By Brad Kelechava
Standardization derives from the need to create a community that enhances not only the needs of an individual, but all other contributing members. While standardization bodies have been around for over a century, the process of standardizing techniques for industry has been going on even before the dawn of human species. The earliest known technological industry was the Oldowan Industry, which was widely standardized by early species of Homo such as H. habilis and H. ergaster. As such, it was the very first standard to ever exist.
The First Standard: The Oldowan Industry
The Oldowan Industry (named after the location of its discovery in Tanzania) initially appeared at the beginning of the Stone Age, approximately 2.6 million years ago. This technology is recognized for making use of the first stone tools, which ultimately played a key role in the use of tools for the following millions of years. The main component of the Oldowan toolkit is a core, which is a large stone that acted as the primary resource for creating the tools. The core was struck by a hammerstone in a downward motion, which would fracture it, creating stone flakes or choppers, in a process that has been confirmed through archaeological evidence of the fracture marks left on the cores. One of the main purposes of these flakes and choppers was to cut flesh off bone to prepare meals.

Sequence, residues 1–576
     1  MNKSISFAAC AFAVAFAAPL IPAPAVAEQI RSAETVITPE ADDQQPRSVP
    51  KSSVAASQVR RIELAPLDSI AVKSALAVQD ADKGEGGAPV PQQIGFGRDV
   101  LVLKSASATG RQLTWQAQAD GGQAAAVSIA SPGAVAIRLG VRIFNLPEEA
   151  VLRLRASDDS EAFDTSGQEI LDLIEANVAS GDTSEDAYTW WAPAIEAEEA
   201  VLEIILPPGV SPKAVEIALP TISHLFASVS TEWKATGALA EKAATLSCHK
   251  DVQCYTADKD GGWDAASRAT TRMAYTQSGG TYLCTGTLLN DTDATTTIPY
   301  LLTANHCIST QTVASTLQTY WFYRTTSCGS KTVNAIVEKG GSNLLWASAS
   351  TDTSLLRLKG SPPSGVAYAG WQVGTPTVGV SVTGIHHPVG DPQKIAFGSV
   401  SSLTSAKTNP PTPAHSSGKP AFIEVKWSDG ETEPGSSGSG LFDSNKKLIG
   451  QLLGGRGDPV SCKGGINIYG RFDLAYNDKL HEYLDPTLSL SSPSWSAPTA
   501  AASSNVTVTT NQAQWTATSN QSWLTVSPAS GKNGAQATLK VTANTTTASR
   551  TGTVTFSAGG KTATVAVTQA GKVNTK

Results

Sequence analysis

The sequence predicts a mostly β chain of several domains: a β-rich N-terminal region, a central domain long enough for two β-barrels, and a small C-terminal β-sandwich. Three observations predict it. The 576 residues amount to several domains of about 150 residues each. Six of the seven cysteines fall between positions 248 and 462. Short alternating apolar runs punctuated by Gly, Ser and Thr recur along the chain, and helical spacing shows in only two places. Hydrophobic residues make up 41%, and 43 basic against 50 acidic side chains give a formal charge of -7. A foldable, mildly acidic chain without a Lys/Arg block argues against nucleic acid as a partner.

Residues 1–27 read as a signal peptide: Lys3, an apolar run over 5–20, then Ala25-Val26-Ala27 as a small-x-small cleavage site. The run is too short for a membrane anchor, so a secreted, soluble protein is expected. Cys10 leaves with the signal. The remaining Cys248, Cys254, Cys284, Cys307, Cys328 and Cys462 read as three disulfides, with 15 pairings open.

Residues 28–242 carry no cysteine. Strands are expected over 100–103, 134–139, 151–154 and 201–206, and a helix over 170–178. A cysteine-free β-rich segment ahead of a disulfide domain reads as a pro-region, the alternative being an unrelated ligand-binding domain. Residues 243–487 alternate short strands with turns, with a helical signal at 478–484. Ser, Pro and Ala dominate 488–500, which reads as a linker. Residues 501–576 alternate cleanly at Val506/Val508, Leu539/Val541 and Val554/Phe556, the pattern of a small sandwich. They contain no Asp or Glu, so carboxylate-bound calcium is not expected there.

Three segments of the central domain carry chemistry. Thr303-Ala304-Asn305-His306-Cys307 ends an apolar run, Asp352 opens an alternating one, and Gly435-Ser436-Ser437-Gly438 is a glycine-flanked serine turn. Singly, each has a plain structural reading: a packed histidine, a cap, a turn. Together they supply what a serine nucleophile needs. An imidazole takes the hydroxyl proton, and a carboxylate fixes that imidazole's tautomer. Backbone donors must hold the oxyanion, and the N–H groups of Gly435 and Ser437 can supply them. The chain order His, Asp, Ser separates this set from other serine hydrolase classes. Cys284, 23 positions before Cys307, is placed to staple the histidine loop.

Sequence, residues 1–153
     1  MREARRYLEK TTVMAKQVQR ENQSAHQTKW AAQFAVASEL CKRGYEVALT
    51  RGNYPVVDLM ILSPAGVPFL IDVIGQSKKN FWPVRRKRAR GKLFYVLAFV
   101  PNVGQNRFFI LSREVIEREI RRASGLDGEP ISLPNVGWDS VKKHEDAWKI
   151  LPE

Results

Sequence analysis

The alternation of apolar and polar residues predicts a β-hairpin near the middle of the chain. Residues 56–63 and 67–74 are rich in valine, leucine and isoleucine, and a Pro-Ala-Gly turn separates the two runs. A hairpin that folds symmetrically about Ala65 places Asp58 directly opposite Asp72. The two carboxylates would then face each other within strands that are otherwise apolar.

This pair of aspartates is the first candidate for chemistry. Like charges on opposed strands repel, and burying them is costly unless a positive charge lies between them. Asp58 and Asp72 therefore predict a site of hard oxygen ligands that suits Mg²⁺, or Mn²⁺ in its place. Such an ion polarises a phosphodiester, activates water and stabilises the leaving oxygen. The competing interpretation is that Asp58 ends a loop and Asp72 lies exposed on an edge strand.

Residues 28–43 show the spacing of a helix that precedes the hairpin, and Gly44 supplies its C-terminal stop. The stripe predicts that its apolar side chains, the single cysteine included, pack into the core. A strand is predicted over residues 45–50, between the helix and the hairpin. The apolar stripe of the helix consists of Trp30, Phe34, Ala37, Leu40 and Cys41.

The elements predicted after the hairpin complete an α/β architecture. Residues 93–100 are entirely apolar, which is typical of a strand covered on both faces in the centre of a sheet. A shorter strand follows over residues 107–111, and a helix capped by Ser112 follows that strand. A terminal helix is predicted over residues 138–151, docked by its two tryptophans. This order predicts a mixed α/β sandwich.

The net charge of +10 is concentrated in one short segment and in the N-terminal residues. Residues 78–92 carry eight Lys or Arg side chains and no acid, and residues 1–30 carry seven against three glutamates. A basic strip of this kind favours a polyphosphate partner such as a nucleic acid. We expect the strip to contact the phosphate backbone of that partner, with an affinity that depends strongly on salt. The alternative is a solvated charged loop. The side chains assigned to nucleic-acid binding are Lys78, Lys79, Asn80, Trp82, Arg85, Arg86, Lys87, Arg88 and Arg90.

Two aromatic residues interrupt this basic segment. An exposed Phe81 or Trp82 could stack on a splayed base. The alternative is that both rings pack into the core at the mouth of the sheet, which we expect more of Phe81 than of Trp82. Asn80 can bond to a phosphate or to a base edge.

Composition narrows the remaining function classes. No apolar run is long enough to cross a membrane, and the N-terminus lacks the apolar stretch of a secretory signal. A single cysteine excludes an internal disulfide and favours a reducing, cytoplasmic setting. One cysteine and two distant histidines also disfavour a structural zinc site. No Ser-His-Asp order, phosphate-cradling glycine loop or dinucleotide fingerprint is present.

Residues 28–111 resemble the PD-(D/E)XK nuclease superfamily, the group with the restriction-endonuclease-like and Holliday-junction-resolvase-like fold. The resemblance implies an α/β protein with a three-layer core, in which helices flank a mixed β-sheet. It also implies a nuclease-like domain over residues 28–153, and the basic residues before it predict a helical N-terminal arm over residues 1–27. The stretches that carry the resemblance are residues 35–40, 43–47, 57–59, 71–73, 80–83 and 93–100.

What Makes the Oldowan Industry a Standard?
So how exactly is this evidence of the first standardized practices? Remnants of Oldowan tools have been discovered by researchers all throughout Africa, Europe, and Asia, and they were used in specific sites in globally distant modern South Africa, China, and Spain. These practices developed from the same source, since they correlate with the movements of human ancestors from Africa into Europe and Asia. As these practices were passed down, human ancestors throughout the world would have decided (without the use of language) that it was the best method for them to utilize.
The Oldowan Industry was the standard for toolmaking until better techniques could craft more advanced technology. This occurred 1.8 million years ago, once the Acheulian Industry, which is characterized by bifaced blades and handaxes, became the standard.
About the author
Brad Kelechava is the senior manager of online marketing at the American National Standards Institute (ANSI).